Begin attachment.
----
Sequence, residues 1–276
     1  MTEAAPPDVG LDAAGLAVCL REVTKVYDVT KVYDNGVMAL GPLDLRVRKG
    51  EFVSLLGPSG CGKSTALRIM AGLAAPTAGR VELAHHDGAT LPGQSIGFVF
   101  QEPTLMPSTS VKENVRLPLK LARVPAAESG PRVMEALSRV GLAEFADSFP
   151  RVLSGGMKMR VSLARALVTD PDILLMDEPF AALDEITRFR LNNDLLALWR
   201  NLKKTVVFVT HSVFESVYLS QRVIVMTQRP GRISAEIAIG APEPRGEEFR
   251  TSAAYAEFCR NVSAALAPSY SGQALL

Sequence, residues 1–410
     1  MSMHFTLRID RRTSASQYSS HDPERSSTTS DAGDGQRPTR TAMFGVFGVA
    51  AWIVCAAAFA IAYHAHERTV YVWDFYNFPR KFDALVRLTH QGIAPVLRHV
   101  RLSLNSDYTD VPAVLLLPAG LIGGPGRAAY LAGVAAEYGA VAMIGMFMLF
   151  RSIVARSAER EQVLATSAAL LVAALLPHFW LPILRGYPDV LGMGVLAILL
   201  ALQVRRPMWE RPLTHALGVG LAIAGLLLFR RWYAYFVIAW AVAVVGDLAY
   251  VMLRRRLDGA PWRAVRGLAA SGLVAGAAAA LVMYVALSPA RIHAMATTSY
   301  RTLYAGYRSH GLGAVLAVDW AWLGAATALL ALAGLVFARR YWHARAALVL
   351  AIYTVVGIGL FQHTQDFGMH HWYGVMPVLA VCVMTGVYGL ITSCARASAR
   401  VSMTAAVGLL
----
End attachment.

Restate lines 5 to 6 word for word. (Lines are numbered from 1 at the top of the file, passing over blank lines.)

   151  RVLSGGMKMR VSLARALVTD PDILLMDEPF AALDEITRFR LNNDLLALWR
   201  NLKKTVVFVT HSVFESVYLS QRVIVMTQRP GRISAEIAIG APEPRGEEFR